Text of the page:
Norfolk has been the name of this large county in the East of England since 1043. It derived from the Anglo-Saxon name for ‘Northern People’, and is self explanatory in that respect. (North-Folk)
Following the Norman Invasion in 1066, they soon developed the town of Norwich into the largest in the region, basing their operations there.
In 1067, William The Conqueror ordered the building of a large castle on a mound in the centre, and that still stands to this day.
Always wary of the threat from the sea, other castles were later built very close to the coast. Dating from the 15th century, Caister castle had an impressive tower at one time, and was surrounded by a moat. It was built as the home for Sir John Folstaff, who later inspired the Shakespeare character Falstaff.
Not far from Caister, and also close to the holiday town of Great Yarmouth, lies the village of Burgh Castle, also named after a castle built there. Originally a Roman Fort, and dating from around the 4th century, it was later used by the Saxons and the Normans.
Close to Kings Lynn in the west of Norfolk, you will find the village of Castle Rising. This is named after the impressive castle built in 1138 by William D’Aubigny, a Norman Earl.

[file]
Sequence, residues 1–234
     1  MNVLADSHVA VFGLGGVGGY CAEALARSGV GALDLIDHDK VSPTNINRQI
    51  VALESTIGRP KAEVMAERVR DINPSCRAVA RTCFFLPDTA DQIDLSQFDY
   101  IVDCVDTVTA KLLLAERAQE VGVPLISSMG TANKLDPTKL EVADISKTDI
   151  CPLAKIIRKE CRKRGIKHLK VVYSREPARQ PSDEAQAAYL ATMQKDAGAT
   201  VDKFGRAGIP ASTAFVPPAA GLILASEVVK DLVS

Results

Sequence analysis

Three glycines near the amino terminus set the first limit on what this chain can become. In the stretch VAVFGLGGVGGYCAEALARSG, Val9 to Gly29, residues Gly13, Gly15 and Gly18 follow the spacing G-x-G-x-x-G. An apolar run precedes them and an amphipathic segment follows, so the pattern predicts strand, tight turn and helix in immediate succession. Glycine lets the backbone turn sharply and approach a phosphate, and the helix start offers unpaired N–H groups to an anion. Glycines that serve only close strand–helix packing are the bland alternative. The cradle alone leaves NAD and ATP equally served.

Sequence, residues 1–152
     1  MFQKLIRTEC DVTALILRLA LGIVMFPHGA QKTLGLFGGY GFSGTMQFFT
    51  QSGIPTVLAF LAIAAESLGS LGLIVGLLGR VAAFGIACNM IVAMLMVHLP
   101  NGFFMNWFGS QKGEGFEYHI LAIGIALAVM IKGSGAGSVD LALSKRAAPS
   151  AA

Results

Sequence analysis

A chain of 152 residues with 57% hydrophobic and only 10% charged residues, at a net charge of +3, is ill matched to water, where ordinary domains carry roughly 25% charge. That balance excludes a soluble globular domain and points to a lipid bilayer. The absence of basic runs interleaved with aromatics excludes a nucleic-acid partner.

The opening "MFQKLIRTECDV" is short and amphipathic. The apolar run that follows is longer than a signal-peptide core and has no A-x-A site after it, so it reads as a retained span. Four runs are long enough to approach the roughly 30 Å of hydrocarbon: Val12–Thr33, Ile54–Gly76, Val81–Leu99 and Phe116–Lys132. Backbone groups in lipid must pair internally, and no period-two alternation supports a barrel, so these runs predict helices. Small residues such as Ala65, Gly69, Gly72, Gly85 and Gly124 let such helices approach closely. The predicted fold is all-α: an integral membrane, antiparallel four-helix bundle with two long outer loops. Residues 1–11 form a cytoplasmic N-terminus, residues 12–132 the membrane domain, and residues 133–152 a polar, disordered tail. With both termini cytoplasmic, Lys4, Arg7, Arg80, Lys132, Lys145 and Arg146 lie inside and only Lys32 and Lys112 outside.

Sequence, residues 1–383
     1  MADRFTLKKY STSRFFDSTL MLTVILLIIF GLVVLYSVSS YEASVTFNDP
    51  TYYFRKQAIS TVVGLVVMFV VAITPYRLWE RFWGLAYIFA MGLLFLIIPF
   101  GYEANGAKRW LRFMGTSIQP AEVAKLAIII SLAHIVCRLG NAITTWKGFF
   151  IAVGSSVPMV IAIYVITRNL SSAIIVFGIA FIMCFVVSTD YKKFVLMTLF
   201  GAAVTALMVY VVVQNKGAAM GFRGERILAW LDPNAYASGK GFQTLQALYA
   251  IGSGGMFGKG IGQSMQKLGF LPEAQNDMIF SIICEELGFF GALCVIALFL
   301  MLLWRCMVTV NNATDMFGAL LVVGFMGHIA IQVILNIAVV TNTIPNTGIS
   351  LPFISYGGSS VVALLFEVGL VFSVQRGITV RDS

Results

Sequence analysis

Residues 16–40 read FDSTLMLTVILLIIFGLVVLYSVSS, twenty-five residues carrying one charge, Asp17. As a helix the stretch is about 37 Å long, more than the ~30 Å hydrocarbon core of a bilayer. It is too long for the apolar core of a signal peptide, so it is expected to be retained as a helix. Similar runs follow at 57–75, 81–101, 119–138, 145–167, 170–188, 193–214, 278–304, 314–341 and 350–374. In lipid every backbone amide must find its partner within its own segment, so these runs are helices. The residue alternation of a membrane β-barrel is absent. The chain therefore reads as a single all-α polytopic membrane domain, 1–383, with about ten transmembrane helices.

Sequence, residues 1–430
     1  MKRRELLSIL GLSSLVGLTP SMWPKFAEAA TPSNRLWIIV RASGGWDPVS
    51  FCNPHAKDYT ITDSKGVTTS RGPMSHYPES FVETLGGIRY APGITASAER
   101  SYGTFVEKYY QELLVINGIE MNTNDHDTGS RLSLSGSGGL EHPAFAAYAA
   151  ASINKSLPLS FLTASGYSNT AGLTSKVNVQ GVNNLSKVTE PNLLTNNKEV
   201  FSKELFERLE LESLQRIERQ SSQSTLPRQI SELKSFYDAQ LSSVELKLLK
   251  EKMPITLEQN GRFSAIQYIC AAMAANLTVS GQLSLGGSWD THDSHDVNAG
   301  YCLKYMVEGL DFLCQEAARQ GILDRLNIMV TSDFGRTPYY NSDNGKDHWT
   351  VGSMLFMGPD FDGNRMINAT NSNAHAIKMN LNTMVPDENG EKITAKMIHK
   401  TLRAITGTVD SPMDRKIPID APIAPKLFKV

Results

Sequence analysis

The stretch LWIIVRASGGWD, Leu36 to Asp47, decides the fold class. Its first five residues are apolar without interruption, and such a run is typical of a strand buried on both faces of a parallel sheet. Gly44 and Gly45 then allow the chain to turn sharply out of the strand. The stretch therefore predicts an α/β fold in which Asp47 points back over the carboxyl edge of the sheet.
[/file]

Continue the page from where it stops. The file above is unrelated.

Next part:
Not much remains of the twin castles at Buckenham, originally constructed by the Normans, and later enlarged in the 15th century.
Baconsthorpe Castle is something of a misnomer, as it was actually a fortified manor house, with a moat for protection. Built in the 15th century during the Wars of The Roses, it was home to the influential Heydon family. Parts of it were still occupied until 1920.
If you ever get to Norfolk, make sure to visit some or all of these outstanding historical sites. And I don’t live too far from any of them, so you can call in for a glass of wine!